However, an additional distinction arises based on which verb you put the dative on...
Spoiler:
Consider the following sentences:

1. Vah-ví-so-s Al e Bab Kájil vahzelda-vi-zúk-so e Éli malon-vi-zuk-ám-da-vi Dábin Vuján.
2. Vah-ví-so-s Al e Bab Kájil vahzelda-vi-zuk-só-do-vi Vuján e Éli malon-vi-zúk-am Dábin.
3. Vah-vi-só-do-vi-s Al Vuján e Bab Kájil vahzelda-vi-zúk-so e Éli malon-vi-zúk-am Dábin.

In #1, Kájil is acting on behalf of Vuján.
In #2, Bab is acting on behalf of Vuján.
In #3, Al is acting on behalf of Vuján.
EDIT: Note to self; don't conlang at quarter to 11. Atili has no voiceless labials.
Last edited by Mándinrùh on Wed 27 Jun 2018, 22:55, edited 1 time in total.
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Re: Al made Bob convince Carl to give Ellie Dobbin for Fran

Post by eldin raigmore » Wed 27 Jun 2018, 17:51

First; that’s wonderful, Mandinruh! (Sorry about omitting the diacritics!)

Second; Did you read the spoilers in the O.P.?

Your own elaborations directly address most of the issues I brought up.

Thank you ☺️!


—————

Edit: Afterthoughts:
Please confirm or correct:

* CLF means “classifier”. But surely your ‘lang has more than one class, hence more than one classifier? Al and Bob and Carl are probably adult male humans, Dobbin is probably a horse, Ellie and Fran are probably female humans, not necessarily adult. If that helps.

* Your language allows both direct and indirect morphological causativization, but does not distinguish between them. (Or is that the difference between -da and -di?) It allows double morphological causativization. Presumably they could both be direct, or both indirect?

* Your language uses the Dative case both for Recipients and for Beneficiaries. Or does it? It seems you haven’t marked the recipient Ellie at all. The -lan suffix seems to go on whichever verb was done for Fran’s benefit.

* Your language’s verbs agree with up to six participants! Including middle agents!

What does -PRET mean? If it means “preterite”, why didn’t you use -PST or -PFV.PST?
(Not a big deal, I guess!)

How does your ‘lang case-mark or otherwise distinguish the middle agent?
Edit: Guesses:
-vi is the class Al and Bob and Carl are in;
-zuk is the class Ellie and Fran are in;
-am is the class Dobbin is in;
-so is the class complement clauses go in.

Do your classes encode both gender and number, like Bantu noun-classes, or only gender?
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Re: Al made Bob convince Carl to give Ellie Dobbin for Fran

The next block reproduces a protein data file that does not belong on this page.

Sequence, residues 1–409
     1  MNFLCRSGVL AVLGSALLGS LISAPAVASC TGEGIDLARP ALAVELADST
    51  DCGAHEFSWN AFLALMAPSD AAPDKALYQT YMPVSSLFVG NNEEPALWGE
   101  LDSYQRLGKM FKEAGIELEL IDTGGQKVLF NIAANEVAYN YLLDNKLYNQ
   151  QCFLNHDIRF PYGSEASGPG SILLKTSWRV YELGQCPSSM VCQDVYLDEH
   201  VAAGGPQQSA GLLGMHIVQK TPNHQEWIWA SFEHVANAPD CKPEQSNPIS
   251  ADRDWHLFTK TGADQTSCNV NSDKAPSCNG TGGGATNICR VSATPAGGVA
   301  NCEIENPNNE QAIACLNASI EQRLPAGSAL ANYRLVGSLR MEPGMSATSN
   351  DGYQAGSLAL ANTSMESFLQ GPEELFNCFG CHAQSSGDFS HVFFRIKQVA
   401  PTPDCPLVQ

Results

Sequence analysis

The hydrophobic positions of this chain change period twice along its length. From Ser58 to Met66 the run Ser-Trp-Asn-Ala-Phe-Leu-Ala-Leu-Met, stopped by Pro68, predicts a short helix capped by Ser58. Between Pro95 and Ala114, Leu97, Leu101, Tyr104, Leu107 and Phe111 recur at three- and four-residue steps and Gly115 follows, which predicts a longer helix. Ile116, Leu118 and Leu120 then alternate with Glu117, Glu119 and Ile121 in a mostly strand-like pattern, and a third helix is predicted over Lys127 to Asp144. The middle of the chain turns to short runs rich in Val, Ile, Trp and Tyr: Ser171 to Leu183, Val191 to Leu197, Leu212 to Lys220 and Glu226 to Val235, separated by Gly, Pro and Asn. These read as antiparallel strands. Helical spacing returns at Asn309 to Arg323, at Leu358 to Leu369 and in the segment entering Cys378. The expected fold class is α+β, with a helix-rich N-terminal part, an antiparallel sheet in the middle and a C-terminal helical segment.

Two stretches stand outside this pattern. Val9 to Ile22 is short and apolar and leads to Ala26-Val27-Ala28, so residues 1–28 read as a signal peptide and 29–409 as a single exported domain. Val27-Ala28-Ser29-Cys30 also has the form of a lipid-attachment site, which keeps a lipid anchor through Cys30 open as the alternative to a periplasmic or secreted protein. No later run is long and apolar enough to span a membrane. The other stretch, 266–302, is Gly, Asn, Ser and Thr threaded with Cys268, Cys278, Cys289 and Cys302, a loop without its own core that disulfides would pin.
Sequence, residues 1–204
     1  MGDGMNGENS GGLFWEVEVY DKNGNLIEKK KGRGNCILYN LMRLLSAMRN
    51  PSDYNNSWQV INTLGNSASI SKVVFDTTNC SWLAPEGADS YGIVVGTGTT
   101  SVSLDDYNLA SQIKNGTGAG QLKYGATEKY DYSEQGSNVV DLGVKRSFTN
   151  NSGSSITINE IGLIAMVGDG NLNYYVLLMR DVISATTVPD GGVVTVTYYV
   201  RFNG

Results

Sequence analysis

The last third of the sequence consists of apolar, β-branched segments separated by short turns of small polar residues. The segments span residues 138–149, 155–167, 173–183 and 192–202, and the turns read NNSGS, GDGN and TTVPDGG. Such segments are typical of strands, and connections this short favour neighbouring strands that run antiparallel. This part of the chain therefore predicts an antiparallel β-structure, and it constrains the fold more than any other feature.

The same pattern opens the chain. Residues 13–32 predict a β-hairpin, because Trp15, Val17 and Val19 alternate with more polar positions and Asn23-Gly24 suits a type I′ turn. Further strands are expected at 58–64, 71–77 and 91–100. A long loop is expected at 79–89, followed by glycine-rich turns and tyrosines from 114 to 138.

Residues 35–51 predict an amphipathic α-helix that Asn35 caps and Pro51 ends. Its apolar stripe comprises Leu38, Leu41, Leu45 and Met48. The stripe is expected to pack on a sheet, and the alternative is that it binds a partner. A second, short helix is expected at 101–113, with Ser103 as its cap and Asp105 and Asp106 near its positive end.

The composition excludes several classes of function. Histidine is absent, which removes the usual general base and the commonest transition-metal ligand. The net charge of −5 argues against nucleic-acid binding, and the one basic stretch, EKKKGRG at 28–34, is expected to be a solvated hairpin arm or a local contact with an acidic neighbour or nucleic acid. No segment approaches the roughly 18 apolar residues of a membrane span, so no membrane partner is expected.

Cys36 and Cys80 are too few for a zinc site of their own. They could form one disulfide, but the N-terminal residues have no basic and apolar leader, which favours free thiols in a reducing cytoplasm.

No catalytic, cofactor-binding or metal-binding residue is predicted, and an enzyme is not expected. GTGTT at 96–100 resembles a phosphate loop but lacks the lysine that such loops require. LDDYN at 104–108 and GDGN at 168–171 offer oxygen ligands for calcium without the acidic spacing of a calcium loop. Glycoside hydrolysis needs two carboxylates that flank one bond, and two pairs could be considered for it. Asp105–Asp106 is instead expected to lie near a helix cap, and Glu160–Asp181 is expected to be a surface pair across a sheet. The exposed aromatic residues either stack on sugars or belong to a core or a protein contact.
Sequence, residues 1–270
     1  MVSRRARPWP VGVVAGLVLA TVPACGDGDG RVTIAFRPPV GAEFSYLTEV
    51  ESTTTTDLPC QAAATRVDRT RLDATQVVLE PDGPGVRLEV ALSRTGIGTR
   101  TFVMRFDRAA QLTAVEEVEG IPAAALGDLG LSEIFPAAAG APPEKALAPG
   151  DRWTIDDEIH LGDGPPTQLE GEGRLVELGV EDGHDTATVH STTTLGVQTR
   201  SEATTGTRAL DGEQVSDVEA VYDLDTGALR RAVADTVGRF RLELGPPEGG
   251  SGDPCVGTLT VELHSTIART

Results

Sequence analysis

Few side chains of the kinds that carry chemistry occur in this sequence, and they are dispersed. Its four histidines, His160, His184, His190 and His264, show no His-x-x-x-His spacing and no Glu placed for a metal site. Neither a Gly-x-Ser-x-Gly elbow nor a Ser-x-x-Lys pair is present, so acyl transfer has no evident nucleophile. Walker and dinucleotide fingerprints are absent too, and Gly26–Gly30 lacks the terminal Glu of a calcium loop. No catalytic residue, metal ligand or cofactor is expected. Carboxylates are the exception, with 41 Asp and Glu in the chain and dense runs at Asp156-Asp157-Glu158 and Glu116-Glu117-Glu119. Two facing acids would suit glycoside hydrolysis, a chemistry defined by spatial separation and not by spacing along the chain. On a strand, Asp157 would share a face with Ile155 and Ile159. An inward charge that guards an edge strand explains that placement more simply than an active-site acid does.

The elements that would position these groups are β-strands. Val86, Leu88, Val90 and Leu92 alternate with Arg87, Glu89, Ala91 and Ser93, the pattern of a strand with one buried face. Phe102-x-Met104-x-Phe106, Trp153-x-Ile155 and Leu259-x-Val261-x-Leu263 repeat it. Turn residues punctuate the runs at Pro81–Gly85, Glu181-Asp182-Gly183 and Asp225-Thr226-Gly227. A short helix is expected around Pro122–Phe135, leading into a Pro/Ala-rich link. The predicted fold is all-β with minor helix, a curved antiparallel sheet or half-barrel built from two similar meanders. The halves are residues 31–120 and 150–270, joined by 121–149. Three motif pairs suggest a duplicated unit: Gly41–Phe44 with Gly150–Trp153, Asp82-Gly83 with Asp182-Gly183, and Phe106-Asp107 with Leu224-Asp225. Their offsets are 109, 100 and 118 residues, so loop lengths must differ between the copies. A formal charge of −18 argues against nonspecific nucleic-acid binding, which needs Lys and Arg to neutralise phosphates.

Post by Mándinrùh » Wed 27 Jun 2018, 23:06

eldin raigmore wrote:
Wed 27 Jun 2018, 17:51
Spoiler:
First; that’s wonderful, Mandinruh! (Sorry about omitting the diacritics!)

Second; Did you read the spoilers in the O.P.?

Your own elaborations directly address most of the issues I brought up.

Thank you ☺️!


—————

Edit: Afterthoughts:
Please confirm or correct:

* CLF means “classifier”. But surely your ‘lang has more than one class, hence more than one classifier? Al and Bob and Carl are probably adult male humans, Dobbin is probably a horse, Ellie and Fran are probably female humans, not necessarily adult. If that helps.

* Your language allows both direct and indirect morphological causativization, but does not distinguish between them. (Or is that the difference between -da and -di?) It allows double morphological causativization. Presumably they could both be direct, or both indirect?

* Your language uses the Dative case both for Recipients and for Beneficiaries. Or does it? It seems you haven’t marked the recipient Ellie at all. The -lan suffix seems to go on whichever verb was done for Fran’s benefit.

* Your language’s verbs agree with up to six participants! Including middle agents!

What does -PRET mean? If it means “preterite”, why didn’t you use -PST or -PFV.PST?
(Not a big deal, I guess!)

How does your ‘lang case-mark or otherwise distinguish the middle agent?
Edit: Guesses:
-vi is the class Al and Bob and Carl are in;
-zuk is the class Ellie and Fran are in;
-am is the class Dobbin is in;
-so is the class complement clauses go in.

Do your classes encode both gender and number, like Bantu noun-classes, or only gender?
1. Thanks!
2. I read the first two, though I admit my eyes must have jumped past the third.
3. Yes, the language has n classifiers, where n is the number of classifiers it ends up having; I keep adding new ones, see, when I find concepts that don't fit in an existing class. I'm not sure how to gloss this effectively. In my reference grammar, I write *VI or *SO. Specifically, *VI is the class for sentient beings (people and gods), *AM is the class for quadrupeds (I feel like Dobbin must be a horse, or dog, or such), and *SO is the class for abstract concepts, including complement clauses. *ZUK is actually not a class, but means "a different referent in the same class as the last one," rather like how in Spanish, -le + -lo -> -selo. I decided to alternate using the real class marker and *ZUK for phonaesthetic reasons, but I don't know if it's actually likely.
4. The causative applicative is actually just "d", but can take on an echo vowel if necessary to satisfy phonological constraints.
5. The dative applicative is only used for beneficiaries. The recipient is a core argument to the verb "malon", "to give."